RCAF airman who survived a Nazi death camp passes away

Edward Carter-Edwards sings “We’ll Meet Again” during a visit to Buchenwald concentration camp in 2014. Photo by Lieutenant-Colonel (Retired) Dean Black, Royal Canadian Air Force Association

Edward Carter-Edwards sings “We’ll Meet Again” during a visit to Buchenwald concentration camp in 2014. Photo by Lieutenant-Colonel (Retired) Dean Black, Royal Canadian Air Force Association

Joanna Calder, Air Forces PA ~

Edward Carter-Edwards, who survived the notorious Nazi death camp Buchenwald, died Feb. 22, in Smithville, ON. His funeral was held on Monday, Feb. 27. He was 94.

Sergeant Carter-Edwards was a wireless air gunner on a Halifax Mark III bomber when it was shot down over occupied France in 1944. He made his way to Paris, but was picked up by the Germans, imprisoned, and eventually shipped by cattle car to Buchenwald: five long days under brutal conditions.

He and other airmen should have been sent to a prisoner of war camp but his captors refused to believe that he was an Allied airman and instead accused him of being a spy and saboteur.

“The thing that frightened us the most was this tall chimney with smoke belching out of it. And the only way to get out of Buchenwald was through the chimney,” he said in a video posted on the “Lost Airmen of Buchenwald” Facebook page, as he described his arrival at Buchenwald.

Sergeant Carter-Edwards was one of 168 airmen—including 26 Canadians—wrongfully imprisoned in the concentration camp. While there, he fell sick with pneumonia and pleurisy, which ordinarily would have been a death sentence as there was no medical treatment for those who were sick; the prisoners got better or they died. In fact, anyone who was considered too sick was hastened to his end with a fatal injection.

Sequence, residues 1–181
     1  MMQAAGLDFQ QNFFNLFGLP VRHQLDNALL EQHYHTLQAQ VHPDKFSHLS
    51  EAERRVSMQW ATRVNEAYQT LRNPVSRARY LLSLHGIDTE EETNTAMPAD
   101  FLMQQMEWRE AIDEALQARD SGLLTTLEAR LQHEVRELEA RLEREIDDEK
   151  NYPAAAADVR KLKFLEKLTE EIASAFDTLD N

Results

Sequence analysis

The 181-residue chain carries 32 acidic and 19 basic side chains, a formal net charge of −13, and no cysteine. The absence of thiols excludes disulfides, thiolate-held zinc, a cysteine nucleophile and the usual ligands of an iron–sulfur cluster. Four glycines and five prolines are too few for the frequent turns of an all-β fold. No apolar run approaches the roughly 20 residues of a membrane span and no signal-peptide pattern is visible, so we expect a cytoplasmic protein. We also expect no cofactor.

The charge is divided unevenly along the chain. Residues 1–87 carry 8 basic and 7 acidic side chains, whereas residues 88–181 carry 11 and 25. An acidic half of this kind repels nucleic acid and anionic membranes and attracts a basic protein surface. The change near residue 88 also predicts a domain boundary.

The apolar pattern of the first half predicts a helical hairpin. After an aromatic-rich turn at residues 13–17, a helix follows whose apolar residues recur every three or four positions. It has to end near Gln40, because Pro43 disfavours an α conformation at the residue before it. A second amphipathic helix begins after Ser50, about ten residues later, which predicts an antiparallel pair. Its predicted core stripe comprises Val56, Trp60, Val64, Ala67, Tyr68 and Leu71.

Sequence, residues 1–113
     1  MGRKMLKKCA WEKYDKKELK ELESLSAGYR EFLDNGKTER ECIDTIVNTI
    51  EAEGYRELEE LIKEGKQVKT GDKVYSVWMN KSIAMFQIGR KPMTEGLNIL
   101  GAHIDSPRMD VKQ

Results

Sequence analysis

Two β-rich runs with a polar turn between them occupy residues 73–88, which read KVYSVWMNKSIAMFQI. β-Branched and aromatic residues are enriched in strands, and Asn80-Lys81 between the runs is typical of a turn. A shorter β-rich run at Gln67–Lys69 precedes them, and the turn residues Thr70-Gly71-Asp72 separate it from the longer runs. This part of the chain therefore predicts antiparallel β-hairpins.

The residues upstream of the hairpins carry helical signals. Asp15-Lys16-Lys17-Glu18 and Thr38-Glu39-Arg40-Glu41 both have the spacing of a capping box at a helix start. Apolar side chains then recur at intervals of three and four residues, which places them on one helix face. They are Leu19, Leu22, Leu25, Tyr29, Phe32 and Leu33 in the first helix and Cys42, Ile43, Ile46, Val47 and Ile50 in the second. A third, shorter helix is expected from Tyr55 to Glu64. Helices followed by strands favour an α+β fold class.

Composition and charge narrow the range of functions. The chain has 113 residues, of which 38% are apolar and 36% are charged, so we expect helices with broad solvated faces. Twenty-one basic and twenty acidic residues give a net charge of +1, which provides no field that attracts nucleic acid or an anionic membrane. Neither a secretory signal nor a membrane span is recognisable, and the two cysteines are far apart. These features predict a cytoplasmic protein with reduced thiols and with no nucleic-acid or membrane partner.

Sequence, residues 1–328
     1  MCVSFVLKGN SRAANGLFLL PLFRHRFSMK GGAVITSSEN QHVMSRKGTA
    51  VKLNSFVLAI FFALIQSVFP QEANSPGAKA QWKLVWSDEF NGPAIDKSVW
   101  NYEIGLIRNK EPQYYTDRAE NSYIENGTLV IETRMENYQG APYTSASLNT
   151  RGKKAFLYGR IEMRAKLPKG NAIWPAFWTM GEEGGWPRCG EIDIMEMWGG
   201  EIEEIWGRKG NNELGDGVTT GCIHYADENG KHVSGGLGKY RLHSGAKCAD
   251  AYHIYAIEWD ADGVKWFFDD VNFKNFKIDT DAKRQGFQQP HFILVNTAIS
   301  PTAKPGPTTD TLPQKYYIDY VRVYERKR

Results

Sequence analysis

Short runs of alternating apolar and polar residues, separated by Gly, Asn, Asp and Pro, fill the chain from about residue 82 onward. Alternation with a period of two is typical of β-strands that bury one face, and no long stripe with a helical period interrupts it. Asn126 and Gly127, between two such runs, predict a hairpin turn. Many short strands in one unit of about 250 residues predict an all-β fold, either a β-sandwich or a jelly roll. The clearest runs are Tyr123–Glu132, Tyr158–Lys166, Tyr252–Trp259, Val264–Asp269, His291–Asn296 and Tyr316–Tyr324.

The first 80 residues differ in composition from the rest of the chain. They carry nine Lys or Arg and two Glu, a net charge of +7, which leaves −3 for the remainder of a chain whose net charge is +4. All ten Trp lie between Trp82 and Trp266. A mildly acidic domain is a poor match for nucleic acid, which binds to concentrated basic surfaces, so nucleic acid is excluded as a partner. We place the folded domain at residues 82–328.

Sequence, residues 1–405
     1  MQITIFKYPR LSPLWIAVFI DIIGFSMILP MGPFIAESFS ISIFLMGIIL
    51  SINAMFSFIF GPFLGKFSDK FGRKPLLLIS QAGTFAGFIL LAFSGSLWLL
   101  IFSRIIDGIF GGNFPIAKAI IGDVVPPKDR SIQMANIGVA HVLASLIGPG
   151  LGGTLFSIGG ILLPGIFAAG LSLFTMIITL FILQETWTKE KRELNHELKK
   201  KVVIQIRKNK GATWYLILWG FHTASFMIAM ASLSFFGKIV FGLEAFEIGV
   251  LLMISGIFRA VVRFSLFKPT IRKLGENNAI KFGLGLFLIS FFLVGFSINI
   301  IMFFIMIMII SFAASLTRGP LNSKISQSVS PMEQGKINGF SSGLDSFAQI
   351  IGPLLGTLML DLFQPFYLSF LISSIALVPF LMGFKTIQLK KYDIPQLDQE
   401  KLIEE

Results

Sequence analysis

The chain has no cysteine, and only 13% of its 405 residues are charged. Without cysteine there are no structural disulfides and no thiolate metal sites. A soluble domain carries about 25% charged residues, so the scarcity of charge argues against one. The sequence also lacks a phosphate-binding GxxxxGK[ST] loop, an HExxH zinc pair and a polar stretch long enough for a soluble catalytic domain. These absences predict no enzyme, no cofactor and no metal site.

According to Nathan M. Greenfield in his book The Forgotten: Canadian POWs, Escapers and Evaders in Europe 1939-1945, one of the reasons Sergeant Carter-Edwards survived was that “at night the orderlies ‘submerged’ the Canadian delirious with fever; that is, they moved him bed to bed so that the Doktor would not recall him from the day before and order his death.”

In addition, a French doctor, who was also a prisoner, used a syringe to extract fluid from Sergeant Carter-Edwards’ lungs.

Eventually, Sergeant Carter-Edwards and all but two of the Allied airmen were transferred out of Buchenwald to Stalag Luft III prisoner of war camp on Nov. 28, 1944, through the intervention of members of the Luftwaffe.

“Somehow, the German Air Force—who was our enemy in combat but strictly comrade-in-arms—found out there was 166 allied airmen in Buchenwald,” he recounted in a video posted on the Veterans Affairs Canada website. “Our enemy, who was German Air Force and maybe even shot some of us down, saved our lives, saved their lives . . . they found out after they got out that five days later we would all have been hung on the meat hooks below the crematorium by stringing piano wire around our necks and hanging them on these meat hooks. We would have all been strangled to death. That was the orders that came down from Buchenwald.”

For many years, Carter-Edwards didn’t speak of his experience because, simply put, no-one believed him. But in 1988 the International Red Cross confirmed, from its investigation of German records, that he had been committed to Buchenwald by the SS, treated several times in the infirmary, and transferred to Stalag Luft III. In his later years, Edward Carter-Edwards became a tireless speaker about his war experiences and the dangers of intolerance.

At the end of his talks and speeches, Edward Carter-Edwards would often sing Vera Lynn’s beautiful song, “We’ll Meet Again”:
We’ll meet again
Don’t know where,
don’t know when.
But I know we’ll meet again.
Some sunny day.

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